Abiy's trip to Germany comes after a visit to France, where he was praised by President Emmanuel Macron for his "unprecedented" reforms.
In six months, Abiy has secured a peace deal with Eritrea, revamped Ethiopia's security apparatus, released political prisoners and recently appointed a 50 percent female cabinet.
It's this reform-minded approach that has got investors in Berlin talking.
"The new prime minister is seen as a reforming person, trying to do something for Ethiopia and open it up a little bit," explains Robert Kappel, a professor at Leipzig University.
Abiy is one of 12 African heads of state to attend the Berlin summit for Compact with Africa project, an investors' conference, that included Egyptian leader Abdel-Fatteh el-Sissi and Rwandan President Paul Kagame.
"German investors have seen Ethiopia as a hub, also because China is investing there, and Germany will also do something quite similar to get German investors to invest more in Ethiopia," Kappel told RFI.
With a GDP growth rate average 10.8 percent annually, compared to a regional average of less than five percent, it's easy to see why Ethiopia is one of the African countries described by Chancellor Angela Merkel as having "huge potential".
Reforms for investment
It is also one of the few countries that has gone out of its way to impose ambitious reforms, a key requisite to receiving development aid.
"The promising steps by Prime Minister Abiy Ahmed" are likely to be supported by a new reform partnership announced by Chancellor Merkel," says Stephan Exo-Kreischer, Director of ONE, a lobby group campaigning against extreme poverty.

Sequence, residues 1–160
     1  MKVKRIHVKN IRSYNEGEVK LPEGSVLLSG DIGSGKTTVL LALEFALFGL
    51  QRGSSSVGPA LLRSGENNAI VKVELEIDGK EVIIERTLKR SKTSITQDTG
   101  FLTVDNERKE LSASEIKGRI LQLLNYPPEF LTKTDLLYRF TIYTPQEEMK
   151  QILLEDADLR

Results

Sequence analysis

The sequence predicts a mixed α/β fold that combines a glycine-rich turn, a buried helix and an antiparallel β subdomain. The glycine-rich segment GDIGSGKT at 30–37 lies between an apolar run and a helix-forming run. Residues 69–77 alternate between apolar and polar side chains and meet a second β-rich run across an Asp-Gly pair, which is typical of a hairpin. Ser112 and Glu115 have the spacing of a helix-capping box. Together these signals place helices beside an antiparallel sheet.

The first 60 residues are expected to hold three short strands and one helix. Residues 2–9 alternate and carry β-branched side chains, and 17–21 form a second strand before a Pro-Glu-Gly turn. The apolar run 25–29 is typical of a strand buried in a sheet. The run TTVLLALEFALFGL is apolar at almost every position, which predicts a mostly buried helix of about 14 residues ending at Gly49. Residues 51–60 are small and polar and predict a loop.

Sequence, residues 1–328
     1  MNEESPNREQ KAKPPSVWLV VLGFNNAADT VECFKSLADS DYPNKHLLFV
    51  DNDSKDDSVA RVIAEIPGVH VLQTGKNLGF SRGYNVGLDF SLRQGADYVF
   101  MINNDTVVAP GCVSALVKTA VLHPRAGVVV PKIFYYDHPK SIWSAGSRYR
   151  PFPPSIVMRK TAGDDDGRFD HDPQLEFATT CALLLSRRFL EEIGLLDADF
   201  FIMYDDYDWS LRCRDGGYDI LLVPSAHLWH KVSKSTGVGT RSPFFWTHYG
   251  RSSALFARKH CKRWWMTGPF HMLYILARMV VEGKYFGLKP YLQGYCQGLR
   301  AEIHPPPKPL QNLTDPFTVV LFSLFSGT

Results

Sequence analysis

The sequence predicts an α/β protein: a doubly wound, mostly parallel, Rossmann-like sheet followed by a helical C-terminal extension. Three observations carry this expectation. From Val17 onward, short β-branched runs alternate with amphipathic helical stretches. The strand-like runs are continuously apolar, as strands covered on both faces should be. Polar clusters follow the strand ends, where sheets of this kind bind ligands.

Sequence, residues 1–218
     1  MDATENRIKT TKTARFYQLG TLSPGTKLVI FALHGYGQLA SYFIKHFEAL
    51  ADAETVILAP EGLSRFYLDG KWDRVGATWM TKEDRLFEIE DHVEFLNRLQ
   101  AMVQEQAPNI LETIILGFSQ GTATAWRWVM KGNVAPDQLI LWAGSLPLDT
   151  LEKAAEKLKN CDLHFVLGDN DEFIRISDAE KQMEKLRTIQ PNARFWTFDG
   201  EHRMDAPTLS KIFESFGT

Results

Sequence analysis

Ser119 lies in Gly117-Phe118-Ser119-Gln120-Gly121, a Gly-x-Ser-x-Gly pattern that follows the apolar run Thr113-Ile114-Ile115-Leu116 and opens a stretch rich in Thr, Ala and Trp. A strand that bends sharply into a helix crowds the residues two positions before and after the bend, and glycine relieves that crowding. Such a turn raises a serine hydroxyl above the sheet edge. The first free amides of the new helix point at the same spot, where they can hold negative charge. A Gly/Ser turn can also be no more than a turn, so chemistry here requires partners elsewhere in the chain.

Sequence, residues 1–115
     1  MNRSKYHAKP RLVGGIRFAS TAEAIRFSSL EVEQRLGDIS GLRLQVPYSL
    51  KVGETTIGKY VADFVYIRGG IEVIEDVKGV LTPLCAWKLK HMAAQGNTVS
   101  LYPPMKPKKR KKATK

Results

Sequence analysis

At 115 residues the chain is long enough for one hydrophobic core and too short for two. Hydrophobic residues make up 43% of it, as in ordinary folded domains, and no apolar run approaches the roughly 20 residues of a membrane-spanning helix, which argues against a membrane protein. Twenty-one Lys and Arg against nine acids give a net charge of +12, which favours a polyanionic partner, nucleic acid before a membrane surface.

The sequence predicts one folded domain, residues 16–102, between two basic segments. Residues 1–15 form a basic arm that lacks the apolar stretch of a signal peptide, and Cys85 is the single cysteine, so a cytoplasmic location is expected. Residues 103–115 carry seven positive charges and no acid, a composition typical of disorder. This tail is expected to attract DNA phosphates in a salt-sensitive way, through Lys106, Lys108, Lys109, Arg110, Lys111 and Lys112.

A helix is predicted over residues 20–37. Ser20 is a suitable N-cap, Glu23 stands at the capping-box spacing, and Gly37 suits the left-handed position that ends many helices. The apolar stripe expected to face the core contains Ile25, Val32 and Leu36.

Sources are indicating the partnership could be worth as much as one billion euros.
"If a country shows a willingness to reform in the governance sector or in a different sector, then the German development cooperation will help support that reform by additional financial resources," Exo-Kreischer told RFI.
Merkel claims a partnership with Africa will be a win-win situation, launching her Compact with Africa initiative last September, notably to tackle underdevelopment on the continent, which has led to mass migration and intense pressure on her at home.
Critics however complain that the project is one-sided.
"One big problem is that they're too single-minded, focusing on private sector investment and especially foreign direct investment,"continues Exo-Kreischer.
"They neglect that in order to have a healthy and inclusive growth, you need a strong social sector."
Reforms undermined by ethnic conflict
Yet the appeal of Ethiopia to investors, namely its reforms, risk being unravelled by the country's ongoing conflict involving the Oromo people.
Security forces on Tuesday clashed with members of an armed rebel group, the Oromo Liberation Front (OLF) following separate clashes at the weekend.
"It is really important to understand that this is a country emerging from a highly divisive, fractious period for almost 27 years," explains Awol Allo, a law professor at Britain's Keele University.
Abiy has shown restraint in dealing with his country's ethnic tensions, careful not to fall into the trap of his predecessors, who were renowned for their heavy-handed approach.
However, critics say he has his work cut out for him to impose his leadership without tipping into authoritarianism.
"There's a culture in Ethiopia that leaders are decisive, that they use force," says Allo.
"The fact that the government is restraining is being interpreted by some actors that the government is no longer in control and does not have the ability it had in the past."
Authoritarianism may not be what Prime Minister Abiy wants but, the longer the ethnic disputes in his country continue, the more the pressure will be on him to go down that road.
"I don't’ think the government can continue to defer that power that it has to use and make sure that it alone has the monopoly of violence," concludes Allo.